- Denscombe M. The good research guide. Buckingham: Open University Press; 1997.Google Scholar
- Faugier J, Sargeant M. Sampling hard to reach populations. J Adv Nurs. 1997;26:790–7.View ArticlePubMedGoogle Scholar
- Eton DT, Elraiyah TA, Yost KJ, Ridgeway JL, Johnson A, Egginton JS, et al. A systematic review of patient-reported measures of burden of treatment in three chronic diseases. Patient Relat Outcome Meas. 2013;4:7–20.View ArticlePubMedPubMed CentralGoogle Scholar
- Eton DT, Oliveira DR, Egginton J, Mair FS, May C, Montori VM. Understanding the burden of treatment in patients with multiple chronic conditions: Evidence from exploratory interviews. International Society for Quality of Life Research 2010 Conference London, England: Qual Life Res; 2010. (accessible in Quality of Life Research, Volume 10, Issue 1 Supplement, in “International Society for Quality of Life Research ~ 2010 Conference Abstracts”).Google Scholar
- Sav A, McMillan SS, Kelly F, Kendall E, Whitty JA, King MA, et al. Treatment burden among people with chronic illness: what are consumer health organizations saying? Chronic Illn. 2013;9(3):220–32.View ArticlePubMedGoogle Scholar
- Sav A, King MA, Whitty JA, Kendall E, McMillan SS, Kelly F, et al. Burden of treatment for chronic illness: a concept analysis and review of the literature. Health Expect. 2015;18:312–24.View ArticlePubMedGoogle Scholar
- Burden of treatment. https://www.burdenoftreatment.com. Accessed May, 7th, 2015.
- Holsti OR. Content Analysis. The handbook of social psychology. Reading, MA: Addison-Wesley; 1968.Google Scholar
- Lingard L, Albert M, Levinson W. Grounded theory, mixed methods, and action research. BMJ. 2008;337:a567.View ArticlePubMedGoogle Scholar
- Reinert M. Une méthode de classification descendante hiérarchique: Application à l’analyse lexicale par contexte. Cahiers de l’Analyse des Données. 1983;3:187–98.Google Scholar
- Reinert M. Un logiciel d’analyse lexicale. Cahiers de l’Analyse des Données. 1986;11:471–84.Google Scholar
- Noel-Jorand MC, Reinert M, Giudicelli S, Dassa D. A new approach to discourse analysis in psychiatry, applied to a schizophrenic patient’s speech. Schizophr Res. 1997;25:183–98.View ArticlePubMedGoogle Scholar
- Yang S, Kadouri A, Revah-Levy A, Mulvey EP, Falissard B. Doing time: a qualitative study of long-term incarceration and the impact of mental illness. Int J Law Psychiatry. 2009;32:294–303.View ArticlePubMedPubMed CentralGoogle Scholar
- Iramuteq. http://www.iramuteq.org/. Accessed May, 7th, 2015.
- Bradley EH, Curry LA, Devers KJ. Qualitative data analysis for health services research: developing taxonomy, themes, and theory. Health Serv Res. 2007;42:1758–72.View ArticlePubMedPubMed CentralGoogle Scholar
- Harrison C, Britt H, Miller G, Henderson J. Examining different measures of multimorbidity, using a large prospective cross-sectional study in Australian general practice. BMJ Open. 2014;4:e004694.View ArticlePubMedPubMed CentralGoogle Scholar
- Fortin M, Stewart M, Poitras ME, Almirall J, Maddocks H. A systematic review of prevalence studies on multimorbidity: toward a more uniform methodology. Ann Fam Med. 2012;10:142–51.View ArticlePubMedPubMed CentralGoogle Scholar
- Shippee ND, Shah ND, May CR, Mair FS, Montori VM. Cumulative complexity: a functional, patient-centered model of patient complexity can improve research and practice. J Clin Epidemiol. 2012;65:1041–51.View ArticlePubMedGoogle Scholar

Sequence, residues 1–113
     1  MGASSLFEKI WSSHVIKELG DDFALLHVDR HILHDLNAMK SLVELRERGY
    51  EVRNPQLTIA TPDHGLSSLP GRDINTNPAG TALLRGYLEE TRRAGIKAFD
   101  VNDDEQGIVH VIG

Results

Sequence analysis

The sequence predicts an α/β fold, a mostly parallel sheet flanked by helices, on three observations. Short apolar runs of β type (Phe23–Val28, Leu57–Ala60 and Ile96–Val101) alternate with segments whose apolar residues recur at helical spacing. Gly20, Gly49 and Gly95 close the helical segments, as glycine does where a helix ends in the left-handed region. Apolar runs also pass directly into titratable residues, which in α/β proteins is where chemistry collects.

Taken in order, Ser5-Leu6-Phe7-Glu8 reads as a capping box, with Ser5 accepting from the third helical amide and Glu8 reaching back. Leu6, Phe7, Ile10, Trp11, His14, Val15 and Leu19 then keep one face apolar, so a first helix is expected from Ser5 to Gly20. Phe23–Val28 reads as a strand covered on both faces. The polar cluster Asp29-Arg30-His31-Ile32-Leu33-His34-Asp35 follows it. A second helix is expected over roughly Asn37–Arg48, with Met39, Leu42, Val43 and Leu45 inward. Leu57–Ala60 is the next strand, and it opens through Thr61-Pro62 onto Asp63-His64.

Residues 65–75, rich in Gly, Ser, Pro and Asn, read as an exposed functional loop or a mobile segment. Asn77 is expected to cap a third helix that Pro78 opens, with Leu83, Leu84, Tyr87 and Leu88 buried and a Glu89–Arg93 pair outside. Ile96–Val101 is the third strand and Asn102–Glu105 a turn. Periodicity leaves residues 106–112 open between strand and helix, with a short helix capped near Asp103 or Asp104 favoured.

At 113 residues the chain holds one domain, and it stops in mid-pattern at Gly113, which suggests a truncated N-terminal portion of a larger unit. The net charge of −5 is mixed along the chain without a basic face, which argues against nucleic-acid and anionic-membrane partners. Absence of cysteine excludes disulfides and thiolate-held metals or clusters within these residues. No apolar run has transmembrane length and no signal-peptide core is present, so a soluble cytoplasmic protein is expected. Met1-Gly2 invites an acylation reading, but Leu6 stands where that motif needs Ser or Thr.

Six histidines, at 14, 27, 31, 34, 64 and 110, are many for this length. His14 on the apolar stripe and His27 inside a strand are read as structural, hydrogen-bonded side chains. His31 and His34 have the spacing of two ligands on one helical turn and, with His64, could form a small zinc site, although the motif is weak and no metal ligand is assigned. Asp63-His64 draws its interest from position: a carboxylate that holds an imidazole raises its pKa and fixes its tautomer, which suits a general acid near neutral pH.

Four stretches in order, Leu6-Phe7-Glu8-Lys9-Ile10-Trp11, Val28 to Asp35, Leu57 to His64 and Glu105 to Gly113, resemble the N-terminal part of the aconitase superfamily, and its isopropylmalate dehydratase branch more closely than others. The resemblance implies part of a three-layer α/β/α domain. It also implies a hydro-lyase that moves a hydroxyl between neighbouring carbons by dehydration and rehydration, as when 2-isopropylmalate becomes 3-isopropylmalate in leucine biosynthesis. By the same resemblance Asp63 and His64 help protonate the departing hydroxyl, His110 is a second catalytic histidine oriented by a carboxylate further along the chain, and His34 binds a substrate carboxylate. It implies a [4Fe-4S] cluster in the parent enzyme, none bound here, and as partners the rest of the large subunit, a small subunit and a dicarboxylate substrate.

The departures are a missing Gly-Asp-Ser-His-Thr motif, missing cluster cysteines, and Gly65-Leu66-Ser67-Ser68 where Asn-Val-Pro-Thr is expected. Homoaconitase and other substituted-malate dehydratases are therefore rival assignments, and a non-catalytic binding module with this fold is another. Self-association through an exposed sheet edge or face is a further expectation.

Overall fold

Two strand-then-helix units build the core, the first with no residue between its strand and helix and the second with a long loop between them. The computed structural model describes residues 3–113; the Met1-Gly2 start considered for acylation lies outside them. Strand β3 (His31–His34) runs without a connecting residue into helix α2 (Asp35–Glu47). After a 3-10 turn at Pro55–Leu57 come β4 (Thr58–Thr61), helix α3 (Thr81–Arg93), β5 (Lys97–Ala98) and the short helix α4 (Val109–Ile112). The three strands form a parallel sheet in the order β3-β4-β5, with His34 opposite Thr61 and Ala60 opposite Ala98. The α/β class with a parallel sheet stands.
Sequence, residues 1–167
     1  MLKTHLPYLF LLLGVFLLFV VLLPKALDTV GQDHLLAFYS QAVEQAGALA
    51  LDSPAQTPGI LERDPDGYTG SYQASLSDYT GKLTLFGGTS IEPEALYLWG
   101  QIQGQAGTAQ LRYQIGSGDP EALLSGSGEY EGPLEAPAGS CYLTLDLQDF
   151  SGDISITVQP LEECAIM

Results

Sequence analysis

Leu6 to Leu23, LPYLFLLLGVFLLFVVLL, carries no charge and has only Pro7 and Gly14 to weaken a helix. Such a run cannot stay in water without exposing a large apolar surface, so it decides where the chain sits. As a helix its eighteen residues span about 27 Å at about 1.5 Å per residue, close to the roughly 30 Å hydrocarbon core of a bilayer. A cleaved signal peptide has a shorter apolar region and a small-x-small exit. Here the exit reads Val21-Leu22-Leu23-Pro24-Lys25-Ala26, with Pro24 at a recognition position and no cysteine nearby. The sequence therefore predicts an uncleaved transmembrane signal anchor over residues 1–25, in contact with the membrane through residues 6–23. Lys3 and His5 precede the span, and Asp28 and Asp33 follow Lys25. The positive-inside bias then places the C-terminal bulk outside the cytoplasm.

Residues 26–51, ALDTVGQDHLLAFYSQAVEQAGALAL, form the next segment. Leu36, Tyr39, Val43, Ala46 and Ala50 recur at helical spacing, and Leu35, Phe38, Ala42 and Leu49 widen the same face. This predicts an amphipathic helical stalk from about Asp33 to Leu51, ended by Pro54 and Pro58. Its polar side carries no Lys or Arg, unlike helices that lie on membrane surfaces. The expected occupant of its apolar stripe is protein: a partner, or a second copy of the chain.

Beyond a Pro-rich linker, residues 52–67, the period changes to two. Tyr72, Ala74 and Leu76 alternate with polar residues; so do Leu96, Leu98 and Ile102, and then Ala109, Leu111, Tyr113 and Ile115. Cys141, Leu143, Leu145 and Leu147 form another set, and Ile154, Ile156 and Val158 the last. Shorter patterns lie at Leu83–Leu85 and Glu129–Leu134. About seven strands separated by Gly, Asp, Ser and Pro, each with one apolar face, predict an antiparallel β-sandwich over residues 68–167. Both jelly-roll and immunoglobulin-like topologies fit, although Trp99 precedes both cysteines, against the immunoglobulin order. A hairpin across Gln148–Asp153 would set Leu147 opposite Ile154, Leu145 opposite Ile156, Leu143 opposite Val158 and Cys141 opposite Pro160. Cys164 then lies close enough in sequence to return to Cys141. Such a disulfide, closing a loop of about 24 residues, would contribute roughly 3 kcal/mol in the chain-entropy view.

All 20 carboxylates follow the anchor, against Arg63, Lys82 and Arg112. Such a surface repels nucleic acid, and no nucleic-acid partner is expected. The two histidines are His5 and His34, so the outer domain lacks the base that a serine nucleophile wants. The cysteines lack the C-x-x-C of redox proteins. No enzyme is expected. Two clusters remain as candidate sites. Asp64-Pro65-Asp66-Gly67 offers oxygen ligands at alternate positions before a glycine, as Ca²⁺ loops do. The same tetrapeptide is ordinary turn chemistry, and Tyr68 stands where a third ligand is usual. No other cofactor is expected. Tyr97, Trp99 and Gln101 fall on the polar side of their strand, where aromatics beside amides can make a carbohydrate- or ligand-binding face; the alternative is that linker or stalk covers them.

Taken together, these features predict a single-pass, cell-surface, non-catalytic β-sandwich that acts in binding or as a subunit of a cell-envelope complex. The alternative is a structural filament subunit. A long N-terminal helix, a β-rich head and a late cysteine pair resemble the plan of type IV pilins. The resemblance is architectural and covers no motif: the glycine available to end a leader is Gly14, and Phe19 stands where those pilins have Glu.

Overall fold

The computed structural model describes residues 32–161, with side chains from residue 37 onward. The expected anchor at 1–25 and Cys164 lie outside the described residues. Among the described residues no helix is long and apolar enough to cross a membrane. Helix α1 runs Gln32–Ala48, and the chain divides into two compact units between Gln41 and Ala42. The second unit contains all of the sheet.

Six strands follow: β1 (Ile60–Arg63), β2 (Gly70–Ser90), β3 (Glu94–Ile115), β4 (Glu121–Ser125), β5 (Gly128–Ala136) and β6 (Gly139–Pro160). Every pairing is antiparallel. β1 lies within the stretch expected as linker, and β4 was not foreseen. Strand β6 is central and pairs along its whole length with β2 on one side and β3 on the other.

- Boyd CM, Wolff JL, Giovannetti E, Reider L, Weiss C, Xue QL, et al. Healthcare task difficulty among older adults with multimorbidity. Med Care. 2014;52:S118–25.View ArticlePubMedPubMed CentralGoogle Scholar
- Ridgeway JL, Beebe TJ, Chute CG, Eton DT, Hart LA, Frost MH, et al. A brief Patient-Reported Outcomes Quality of Life (PROQOL) instrument to improve patient care. PLoS Med. 2013;10:e1001548.View ArticlePubMedPubMed CentralGoogle Scholar
- Russell LB, Suh DC, Safford MA. Time requirements for diabetes self-management: too much for many? J Fam Pract. 2005;54:52–6.PubMedGoogle Scholar
- Bohlen K, Scoville E, Shippee ND, May CR, Montori VM. Overwhelmed patients: a videographic analysis of how patients with type 2 diabetes and clinicians articulate and address treatment burden during clinical encounters. Diabetes Care. 2012;35:47–9.View ArticlePubMedGoogle Scholar
- Malterud K. Qualitative research: standards, challenges, and guidelines. Lancet. 2001;358:483–8.View ArticlePubMedGoogle Scholar
- Duracinsky M, Herrmann S, Berzins B, Armstrong AR, Kohli R, Le Coeur S, et al. The development of PROQOL-HIV: an international instrument to assess the health-related quality of life of persons living with HIV/AIDS. J Acquir Immune Defic Syndr. 2012;59:498–505.View ArticlePubMedGoogle Scholar
- Britten N. Qualitative interviews in medical research. BMJ. 1995;311:251–3.View ArticlePubMedPubMed CentralGoogle Scholar
- Ekman A, Litton JE. New times, new needs; e-epidemiology. Eur J Epidemiol. 2007;22:285–92.View ArticlePubMedGoogle Scholar
- Flores G. Language barriers to health care in the United States. N Engl J Med. 2006;355:229–31.View ArticlePubMedGoogle Scholar
- Woloshin S, Bickell NA, Schwartz LM, Gany F, Welch HG. Language barriers in medicine in the United States. JAMA. 1995;273:724–8.View ArticlePubMedGoogle Scholar
- Streiner D, Norman G, Biases in responding. Health Measurement Scales: a practical guide to their development and use. 4th ed. Oxford: Oxford University Press; 2008. p. 103.View ArticleGoogle Scholar
- Guthrie B, Payne K, Alderson P, McMurdo ME, Mercer SW. Adapting clinical guidelines to take account of multimorbidity. BMJ. 2012;345:e6341.View ArticlePubMedGoogle Scholar
- Montori VM, Brito JP, Murad MH. The optimal practice of evidence-based medicine: incorporating patient preferences in practice guidelines. JAMA. 2013;310:2503–4.View ArticlePubMedGoogle Scholar
This article is published under license to BioMed Central Ltd. This is an Open Access article distributed under the terms of the Creative Commons Attribution License (http://creativecommons.org/licenses/by/4.0), which permits unrestricted use, distribution, and reproduction in any medium, provided the original work is properly credited. The Creative Commons Public Domain Dedication waiver (http://creativecommons.org/publicdomain/zero/1.0/) applies to the data made available in this article, unless otherwise stated.